We must remember that God gave us minds to think, examine, learn and understand. He wants us to seek Him and know Him as He does us. Yet, we need to take into account that God says wisdom is both knowable and unknowable. His thoughts are not our thoughts and His ways are not our ways. There will be things we can affirm fervently and ones we cannot. In Proverbs, He says abundantly to seek out wisdom but wisdom is also folly. Sounds like circular reasoning, but what God is pointing out seems to be the idea that we are to seek and know Him to the best of our ability, by the power of the Holy Spirit through His Word, and trusting God for the rest. He set up for us many amazing examples of faith (Heb. 11). We need to step out in faith, faith of who we know God to be and what He ultimately calls us to do. We cannot get stuck into some system or structure (or popular thought) that becomes like the the veil to the temple. We have personal access to the Holy of Holies and we shouldn’t be afraid to venture unchaperoned there.

I will attempt to see if I can call your attention to both the positive and negative aspects of deconstructing and show you why it is important and Biblical to do such a thing.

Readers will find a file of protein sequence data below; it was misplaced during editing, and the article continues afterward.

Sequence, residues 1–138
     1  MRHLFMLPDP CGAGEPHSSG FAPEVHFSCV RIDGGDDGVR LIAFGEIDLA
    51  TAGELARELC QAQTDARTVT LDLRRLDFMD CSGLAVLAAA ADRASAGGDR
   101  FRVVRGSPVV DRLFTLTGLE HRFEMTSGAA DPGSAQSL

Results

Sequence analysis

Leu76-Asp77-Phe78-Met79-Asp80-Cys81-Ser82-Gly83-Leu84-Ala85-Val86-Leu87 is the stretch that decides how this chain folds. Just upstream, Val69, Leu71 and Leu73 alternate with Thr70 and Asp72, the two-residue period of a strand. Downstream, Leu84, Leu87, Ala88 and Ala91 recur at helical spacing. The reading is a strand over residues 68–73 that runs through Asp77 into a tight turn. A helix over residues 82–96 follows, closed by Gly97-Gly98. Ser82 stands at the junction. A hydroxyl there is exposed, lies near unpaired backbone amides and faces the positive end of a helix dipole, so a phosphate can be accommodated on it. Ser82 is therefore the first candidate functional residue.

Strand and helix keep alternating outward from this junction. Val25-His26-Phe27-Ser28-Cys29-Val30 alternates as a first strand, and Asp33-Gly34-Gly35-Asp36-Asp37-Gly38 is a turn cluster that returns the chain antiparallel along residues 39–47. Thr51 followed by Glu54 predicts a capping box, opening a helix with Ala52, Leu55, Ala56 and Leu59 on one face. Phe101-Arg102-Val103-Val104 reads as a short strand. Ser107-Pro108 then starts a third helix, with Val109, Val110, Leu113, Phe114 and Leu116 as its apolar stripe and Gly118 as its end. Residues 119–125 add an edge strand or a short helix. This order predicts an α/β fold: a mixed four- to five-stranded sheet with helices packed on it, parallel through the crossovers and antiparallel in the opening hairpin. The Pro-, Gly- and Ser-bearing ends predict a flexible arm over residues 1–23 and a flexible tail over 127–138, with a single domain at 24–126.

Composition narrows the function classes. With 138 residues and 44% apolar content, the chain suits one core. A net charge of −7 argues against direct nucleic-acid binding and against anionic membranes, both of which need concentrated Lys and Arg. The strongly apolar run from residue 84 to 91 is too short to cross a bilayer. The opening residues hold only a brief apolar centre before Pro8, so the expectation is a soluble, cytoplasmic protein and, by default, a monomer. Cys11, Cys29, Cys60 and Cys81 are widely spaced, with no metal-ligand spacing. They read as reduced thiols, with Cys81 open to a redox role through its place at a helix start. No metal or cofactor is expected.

First, lets grab some examples from the Bible itself:

Eve, in the garden of Eden (Gen. 2-3). Her run in with the serpent. The cunning words of the serpent, cause her to impart her own interpretation into what God has said to them. Her desires combined with the implications of Satan, cause her to deconstruct what God has laid in front of them and take actions for herself and then influence her husband (who apparently doesn’t think for himself and just follows suit). The result – a sinful world. 

David – his reign and that of his son’s  – resulting with the separation of Northern and Southern Kingdoms (12 tribes reduced to 10 and 2). Yet, ultimately ending with the destruction of both kingdoms after the attacks by the Assyrians and Babylonians, thus leaving only Judaism. (Super simplified telling here, but see 1 Kings and 2 Samuel for in-depth study).

Judaism vs Christianity – ok this is an obvious one and yes – this is deconstructing! Do you think it was easy for the Jewish people to see Jesus and follow him? In many cases, that meant being estranged from family and an enemy of everything they have known and loved. Paul is an amazing example of this!